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The Privacy Advisor | NIST cybersecurity center expands privacy efforts Related reading: NIST publishes genomic data security report




While the National Cybersecurity Center of Excellence has upheld its mission to further practical, standards-based cybersecurity solutions since it was established in 2012, advances in technology in recent years have highlighted a need to integrate privacy.

"Our digital footprint is constantly growing, there's more data about us, our personal information is available and exposed," said U.S. National Institute of Standards and Technology Security Specialist Nakia Grayson. "Our objective is to look at privacy at NIST's NCCoE and highlight the importance of privacy and where it can fit. We identify those areas in the cybersecurity build and then come up with ways to address privacy risks in those specific areas."

The NCCoE — a partnership between the NIST, the state of Maryland and Montgomery County, Maryland — collaborates with industry organizations, government agencies and academic institutions to build practical solutions based on industry standards and best practices, using commercially available technology, to help address today's most pressing cybersecurity challenges.

The NCCoE creates guides targeting specific challenges in the public and private sectors, including industries like health care, as well as for broad, cross-sector technology, Grayson said, and currently has over 30 active cybersecurity projects.

One of the NCCoE's projects with the largest privacy component is the "Securing Telehealth Remote Patient Monitoring Ecosystem" guide, exploring how health care delivery organizations can leverage telehealth capabilities like remote patient monitoring, while improving cybersecurity and privacy controls. While remote patient monitoring technologies, which have been on the rise since the COVID-19 pandemic, can be convenient and cost-effective, they can also come with "security and privacy risks," according to the NCCoE guide.

"In the guide, we talk about the fact that you are changing the nature of the doctor/patient relationship," said MITRE Principal Julie Snyder, CIPP/G, CIPP/US, CIPM, CIPT, who leads privacy for the MITRE center that supports the NIST. "So instead of doctors taking vitals and drawing labs when you are right there in their office and physically present, you now have devices to do that more frequently and from a distance, no matter where you are. When setting up that solution, you now have more technologies and organizations involved than just the patient and the doctor, or the clinical organization. You now have other players in the game who are passing information from that device through a telehealth platform provider to your doctor at a health care delivery organization."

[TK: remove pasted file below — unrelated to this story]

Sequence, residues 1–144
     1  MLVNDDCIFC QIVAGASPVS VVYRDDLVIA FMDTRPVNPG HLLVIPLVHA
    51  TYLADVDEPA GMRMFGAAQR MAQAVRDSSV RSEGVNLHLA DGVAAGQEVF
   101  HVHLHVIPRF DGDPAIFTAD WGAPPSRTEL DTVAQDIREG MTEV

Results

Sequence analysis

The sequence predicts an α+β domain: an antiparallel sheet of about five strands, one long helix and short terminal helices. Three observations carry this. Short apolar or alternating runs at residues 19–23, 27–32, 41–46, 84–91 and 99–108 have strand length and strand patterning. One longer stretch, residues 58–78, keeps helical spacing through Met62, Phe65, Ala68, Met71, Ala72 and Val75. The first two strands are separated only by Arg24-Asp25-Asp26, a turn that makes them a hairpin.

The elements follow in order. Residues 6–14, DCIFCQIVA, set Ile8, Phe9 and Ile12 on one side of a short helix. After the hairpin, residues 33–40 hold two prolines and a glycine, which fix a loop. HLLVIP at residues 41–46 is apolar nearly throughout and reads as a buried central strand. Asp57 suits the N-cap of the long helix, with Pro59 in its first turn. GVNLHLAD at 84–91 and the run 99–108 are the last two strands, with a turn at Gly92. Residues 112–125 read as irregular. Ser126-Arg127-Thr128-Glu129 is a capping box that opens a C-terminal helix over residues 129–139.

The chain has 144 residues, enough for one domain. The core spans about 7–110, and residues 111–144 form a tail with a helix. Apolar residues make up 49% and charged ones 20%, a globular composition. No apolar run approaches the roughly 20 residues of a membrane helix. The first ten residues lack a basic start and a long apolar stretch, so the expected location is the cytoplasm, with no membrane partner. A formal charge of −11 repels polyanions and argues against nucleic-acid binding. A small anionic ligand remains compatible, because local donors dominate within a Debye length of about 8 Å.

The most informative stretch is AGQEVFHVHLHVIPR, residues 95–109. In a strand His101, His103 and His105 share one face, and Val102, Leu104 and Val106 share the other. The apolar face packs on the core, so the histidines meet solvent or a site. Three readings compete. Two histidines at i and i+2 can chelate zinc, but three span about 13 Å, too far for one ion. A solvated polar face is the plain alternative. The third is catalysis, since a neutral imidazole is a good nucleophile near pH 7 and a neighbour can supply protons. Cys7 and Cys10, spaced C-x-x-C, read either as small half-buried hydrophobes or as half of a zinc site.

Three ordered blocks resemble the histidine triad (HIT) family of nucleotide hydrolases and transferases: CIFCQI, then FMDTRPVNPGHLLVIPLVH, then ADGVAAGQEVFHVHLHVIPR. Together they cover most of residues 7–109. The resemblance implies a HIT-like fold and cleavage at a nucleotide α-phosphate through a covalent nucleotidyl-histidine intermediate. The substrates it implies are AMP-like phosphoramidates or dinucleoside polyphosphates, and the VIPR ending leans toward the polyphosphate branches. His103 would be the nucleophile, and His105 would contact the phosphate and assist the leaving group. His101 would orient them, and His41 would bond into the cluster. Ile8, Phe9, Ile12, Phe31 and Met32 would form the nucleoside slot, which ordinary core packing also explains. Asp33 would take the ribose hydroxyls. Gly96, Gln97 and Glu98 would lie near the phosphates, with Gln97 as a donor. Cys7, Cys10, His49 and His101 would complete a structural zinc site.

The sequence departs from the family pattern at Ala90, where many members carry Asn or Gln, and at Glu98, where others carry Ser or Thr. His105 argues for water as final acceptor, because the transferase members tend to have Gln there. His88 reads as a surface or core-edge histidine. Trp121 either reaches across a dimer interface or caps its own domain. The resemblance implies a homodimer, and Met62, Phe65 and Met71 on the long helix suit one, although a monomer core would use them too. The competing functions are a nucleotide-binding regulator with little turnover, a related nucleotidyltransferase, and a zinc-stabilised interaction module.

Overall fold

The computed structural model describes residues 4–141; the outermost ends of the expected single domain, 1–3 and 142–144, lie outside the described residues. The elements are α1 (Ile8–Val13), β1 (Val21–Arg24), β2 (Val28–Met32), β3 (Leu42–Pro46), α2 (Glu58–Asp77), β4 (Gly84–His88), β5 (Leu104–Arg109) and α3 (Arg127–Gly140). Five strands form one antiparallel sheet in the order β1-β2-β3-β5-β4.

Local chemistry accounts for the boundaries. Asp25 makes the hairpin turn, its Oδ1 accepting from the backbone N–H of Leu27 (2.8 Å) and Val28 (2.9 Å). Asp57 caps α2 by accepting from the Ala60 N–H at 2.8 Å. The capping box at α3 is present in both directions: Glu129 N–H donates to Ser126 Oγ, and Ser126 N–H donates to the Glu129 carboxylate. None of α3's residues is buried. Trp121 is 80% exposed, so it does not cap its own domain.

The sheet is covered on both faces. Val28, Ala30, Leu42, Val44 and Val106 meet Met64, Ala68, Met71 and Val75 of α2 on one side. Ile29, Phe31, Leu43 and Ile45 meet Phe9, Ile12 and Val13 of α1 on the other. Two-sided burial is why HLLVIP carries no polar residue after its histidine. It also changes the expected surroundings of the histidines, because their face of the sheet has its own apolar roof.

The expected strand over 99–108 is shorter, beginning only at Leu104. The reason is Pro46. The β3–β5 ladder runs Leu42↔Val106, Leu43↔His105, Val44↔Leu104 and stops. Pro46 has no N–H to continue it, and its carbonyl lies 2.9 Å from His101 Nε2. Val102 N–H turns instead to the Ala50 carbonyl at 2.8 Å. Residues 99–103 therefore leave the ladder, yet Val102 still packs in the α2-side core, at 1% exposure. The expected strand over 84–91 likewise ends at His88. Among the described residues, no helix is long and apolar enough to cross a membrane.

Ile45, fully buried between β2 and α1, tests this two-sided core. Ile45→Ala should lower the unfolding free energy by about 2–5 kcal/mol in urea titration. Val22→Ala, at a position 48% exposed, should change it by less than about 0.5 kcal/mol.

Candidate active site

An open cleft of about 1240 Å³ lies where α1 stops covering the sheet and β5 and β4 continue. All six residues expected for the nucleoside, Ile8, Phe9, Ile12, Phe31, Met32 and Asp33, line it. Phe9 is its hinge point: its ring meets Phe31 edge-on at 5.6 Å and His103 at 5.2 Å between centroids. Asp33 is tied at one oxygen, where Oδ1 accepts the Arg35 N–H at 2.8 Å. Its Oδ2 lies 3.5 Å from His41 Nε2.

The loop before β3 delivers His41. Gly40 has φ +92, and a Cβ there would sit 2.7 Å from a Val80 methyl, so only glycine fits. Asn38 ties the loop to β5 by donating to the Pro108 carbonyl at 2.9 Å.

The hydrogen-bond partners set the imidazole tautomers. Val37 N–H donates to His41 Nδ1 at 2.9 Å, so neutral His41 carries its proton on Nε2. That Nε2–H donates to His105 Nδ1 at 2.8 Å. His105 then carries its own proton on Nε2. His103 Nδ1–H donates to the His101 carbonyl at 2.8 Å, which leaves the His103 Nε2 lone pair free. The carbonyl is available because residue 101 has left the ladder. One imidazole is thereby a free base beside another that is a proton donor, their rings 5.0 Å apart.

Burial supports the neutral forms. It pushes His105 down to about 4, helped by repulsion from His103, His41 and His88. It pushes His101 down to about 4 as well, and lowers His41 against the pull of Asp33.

The NCCoE's project team performed a risk assessment in a virtual lab environment simulating the telehealth ecosystem and remote patient monitoring services, applied the NIST Cybersecurity Framework, NIST Privacy Framework and other relevant standards, and collaborated with health care, technology and telehealth partners.

The resulting practice guide points to a "holistic risk mitigation strategy" including foundational activities to identify and manage risk, like governance and risk assessments; safeguards such as identity management, authentication and access control; data security steps including securing and monitoring data storage, and protective technology; activities to enable the timely discovery of a cybersecurity incident like continuous monitoring for unauthorized personnel, devices, software and connections; and responses to contain the impact of a detected cybersecurity event, like response processes and procedures and mitigation activities.

While there's certainly value in remote patient monitoring, Snyder said privacy risks are inherently introduced, "just by putting more players in the game. We need to manage those new privacy risks so that we can take advantage of the capabilities offered by this technology."

"So you want to make some architectural decisions, for example, about when device readings are paired with patient data," Snyder said. "Our solution walks you through that and shows how we use the NIST Privacy Risk Assessment Methodology and NIST language around problematic data actions and privacy engineering objectives to frame that discussion. We show you things like which categories in the NIST Privacy Framework Core you can address to help manage the privacy risks in your remote patient monitoring solution."

For each project, the NCCoE works with a community of interest, which Snyder said informs the challenges it tackles. As it explores more projects in the privacy realm, Snyder and Grayson said privacy professionals and organizations can join those communities of interest and they are looking forward to connecting.

"We would love to work with more communities on privacy. We would love to explore more privacy topics with the communities we're already working with. It's all driven by what we hear from each community," Snyder said.

"We want to hear from privacy professionals if there are other areas we should work in more to help come up with solutions as it relates to privacy," Grayson added.

For more information or to get involved in the NCCoE's privacy work, email

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1 Comment

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  • comment Erika Britt • Feb 12, 2024
    Great article but the gem itself would be the guide and it would be incredibly helpful to post a link to it in the article (assuming it is publicly available).  Thank you!